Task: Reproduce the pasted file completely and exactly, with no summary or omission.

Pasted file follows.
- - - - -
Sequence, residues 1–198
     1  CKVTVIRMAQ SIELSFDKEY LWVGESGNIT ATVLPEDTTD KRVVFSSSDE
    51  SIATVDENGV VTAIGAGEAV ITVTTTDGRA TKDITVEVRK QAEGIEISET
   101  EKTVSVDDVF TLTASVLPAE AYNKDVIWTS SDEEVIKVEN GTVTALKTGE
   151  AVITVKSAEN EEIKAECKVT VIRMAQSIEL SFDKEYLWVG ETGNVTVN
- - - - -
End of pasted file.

Sequence, residues 1–198
     1  CKVTVIRMAQ SIELSFDKEY LWVGESGNIT ATVLPEDTTD KRVVFSSSDE
    51  SIATVDENGV VTAIGAGEAV ITVTTTDGRA TKDITVEVRK QAEGIEISET
   101  EKTVSVDDVF TLTASVLPAE AYNKDVIWTS SDEEVIKVEN GTVTALKTGE
   151  AVITVKSAEN EEIKAECKVT VIRMAQSIEL SFDKEYLWVG ETGNVTVN